Maersk have just launched the biggest shipping container ever made. 400 metres long, 59 metres wide and 73 metres high. There are 29 being made and they will be deployed on the vital Asia to Europe trade. The Triple-E class can hold 18,000 containers. Below is a video from the FT.
The Triple-E is about more than size, though. In fact the name refers to the three main purposes behind the creation — Economy of scale, Energy efficiency and Environmentally improved.
The Triple-E at a glance
*The Triple-E will emit 20% less CO2 per container moved compared to the Emma Maersk, currently the world’s largest container vessel, and 50% less than the industry average on the Asia-Europe trade lane.
*The vessels will be equipped with a waste heat recovery system, saving up to 10% of main engine power. *This equals the average annual electricity consumption of 5,000 European households.
*Triple-E vessels travel 184 kilometres using 1 kWh of energy per ton of cargo, whereas a jumbo jet travels half a kilometre using the same amount of energy per ton of cargo.
Deep Sea and Foreign Going is an account of a 5 week trip from Felixstowe in the UK to Singpaore. Rose George explains how on a train journey that most items of clothing, electronics, food etc are brought to the UK by ship. The reason being that shipping has become so cheap that it makes sense to import items. She uses the example of cod – it is less costly for Scottish cod to be sent to China to be filleted and then exported back to UK restaurants than it is to pay the (small) salaries of Scottish filleters. Some interesting facts from the review of the book in the Guardian Weekly:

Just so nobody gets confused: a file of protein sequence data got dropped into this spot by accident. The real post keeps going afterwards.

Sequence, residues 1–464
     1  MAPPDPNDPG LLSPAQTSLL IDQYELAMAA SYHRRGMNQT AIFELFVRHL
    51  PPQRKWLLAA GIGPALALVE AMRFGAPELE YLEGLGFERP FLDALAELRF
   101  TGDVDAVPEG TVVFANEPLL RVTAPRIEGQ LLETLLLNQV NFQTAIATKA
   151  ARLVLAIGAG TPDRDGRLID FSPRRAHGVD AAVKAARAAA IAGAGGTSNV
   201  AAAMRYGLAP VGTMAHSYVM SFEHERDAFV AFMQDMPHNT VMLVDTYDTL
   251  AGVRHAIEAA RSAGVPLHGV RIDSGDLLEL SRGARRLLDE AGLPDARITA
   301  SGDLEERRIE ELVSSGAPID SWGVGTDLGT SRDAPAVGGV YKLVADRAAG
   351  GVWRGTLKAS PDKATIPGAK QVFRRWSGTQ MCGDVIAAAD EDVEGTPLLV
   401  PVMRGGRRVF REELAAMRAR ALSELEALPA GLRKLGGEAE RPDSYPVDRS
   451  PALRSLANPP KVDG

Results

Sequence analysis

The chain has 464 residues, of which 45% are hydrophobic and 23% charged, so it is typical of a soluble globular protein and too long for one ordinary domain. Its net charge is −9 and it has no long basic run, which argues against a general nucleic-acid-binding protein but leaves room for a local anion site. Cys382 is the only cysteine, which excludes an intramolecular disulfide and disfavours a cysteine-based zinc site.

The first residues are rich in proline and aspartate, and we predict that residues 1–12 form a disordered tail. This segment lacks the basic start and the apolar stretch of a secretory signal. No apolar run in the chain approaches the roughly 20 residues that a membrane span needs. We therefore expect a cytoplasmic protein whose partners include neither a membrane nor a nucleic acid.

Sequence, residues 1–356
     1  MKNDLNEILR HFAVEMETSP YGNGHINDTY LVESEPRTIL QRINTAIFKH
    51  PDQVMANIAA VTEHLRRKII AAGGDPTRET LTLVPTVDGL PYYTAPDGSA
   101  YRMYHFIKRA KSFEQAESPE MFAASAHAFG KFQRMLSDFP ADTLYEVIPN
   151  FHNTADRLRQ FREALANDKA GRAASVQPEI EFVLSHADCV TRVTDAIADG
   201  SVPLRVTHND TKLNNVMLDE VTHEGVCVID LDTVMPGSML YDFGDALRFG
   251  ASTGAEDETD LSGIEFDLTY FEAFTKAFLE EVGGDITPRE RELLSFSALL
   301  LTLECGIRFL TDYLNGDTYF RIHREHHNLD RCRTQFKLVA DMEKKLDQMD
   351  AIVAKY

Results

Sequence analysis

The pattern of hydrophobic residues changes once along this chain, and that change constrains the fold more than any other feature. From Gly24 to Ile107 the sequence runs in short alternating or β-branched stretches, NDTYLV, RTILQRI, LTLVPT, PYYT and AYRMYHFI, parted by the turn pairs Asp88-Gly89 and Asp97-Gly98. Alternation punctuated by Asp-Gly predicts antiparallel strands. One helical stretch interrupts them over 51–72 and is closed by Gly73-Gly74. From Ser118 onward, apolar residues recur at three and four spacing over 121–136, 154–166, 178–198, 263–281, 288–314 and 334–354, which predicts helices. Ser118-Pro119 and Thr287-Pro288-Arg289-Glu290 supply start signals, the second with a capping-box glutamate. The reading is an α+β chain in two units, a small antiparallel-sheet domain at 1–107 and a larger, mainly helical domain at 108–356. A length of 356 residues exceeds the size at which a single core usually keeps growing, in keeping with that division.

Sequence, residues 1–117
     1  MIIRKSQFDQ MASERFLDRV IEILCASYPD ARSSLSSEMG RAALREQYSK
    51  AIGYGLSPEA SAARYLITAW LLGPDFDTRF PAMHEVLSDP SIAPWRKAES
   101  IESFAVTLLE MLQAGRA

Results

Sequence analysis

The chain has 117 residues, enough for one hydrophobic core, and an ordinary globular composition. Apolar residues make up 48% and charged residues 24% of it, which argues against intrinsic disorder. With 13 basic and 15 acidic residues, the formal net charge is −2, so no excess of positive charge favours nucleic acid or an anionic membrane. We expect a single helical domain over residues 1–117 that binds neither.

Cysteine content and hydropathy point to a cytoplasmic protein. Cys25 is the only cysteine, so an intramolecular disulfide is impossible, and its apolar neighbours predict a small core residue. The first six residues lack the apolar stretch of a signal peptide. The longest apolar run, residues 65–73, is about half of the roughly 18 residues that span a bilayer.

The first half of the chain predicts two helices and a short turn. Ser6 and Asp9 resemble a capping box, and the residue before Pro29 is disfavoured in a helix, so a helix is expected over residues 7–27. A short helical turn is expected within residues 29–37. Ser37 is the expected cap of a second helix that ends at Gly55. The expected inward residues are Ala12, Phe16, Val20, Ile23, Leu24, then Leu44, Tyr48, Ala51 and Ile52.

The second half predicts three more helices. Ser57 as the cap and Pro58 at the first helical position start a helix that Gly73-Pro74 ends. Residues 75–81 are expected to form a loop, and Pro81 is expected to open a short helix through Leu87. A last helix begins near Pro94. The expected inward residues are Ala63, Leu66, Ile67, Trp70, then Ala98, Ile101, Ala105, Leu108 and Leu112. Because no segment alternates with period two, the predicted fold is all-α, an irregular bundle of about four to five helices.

* Containers are the largest man-made moving objects on the planet;
* Triple-E class boats are around 400 metres in length and can carry 18,000 boxes;
* In 2011, 360 commercial ports in America took in international goods worth $1.73tn – 80 times the total value of all US trade in 1960;
* Even in the UK, whose sense of itself as a seafaring nation has long waned, the shipping industry employs nearly 635,000 people;
* Port authorities inspect less than 10% of boxes, making them of great interest to counterfeiters and drug barons.
BBC business correspondent Alastair Fee boards a Chinese container ship off the coast of England and reports on the enormous size of it – holds 13,500 containers. And they are getter bigger. More than 40% of the UK’s sea trade comes into the Southampton Dock and to meet increasing demand from container ships a new 500 metre birth is being dredged. However trade goes the other way as in 2012 the demand for cars from the growing Chinese middle class saw over 20,000 BMW Minis make their way to Chinese ports.
The Economist and the Financial Times have recently looked at the impact of the container and container ships. With the first journey of a container ship in 1956 the cost for tonne of cargo was $0.16 per tonne to load—compared with $5.83 per tonne for loose cargo on a standard ship. Furthermore, according to The Economist, countries with container ports rose from about 1% to nearly 90% which coincided with the rapid increase in global trade – see graph. Although it could be said that other events were happening at the same time – the movement towards free trade and reduced tariffs, the single market in Europe in 1992 and the eventually formation of the World Trade Organisation (WTO). Video below is from the FT.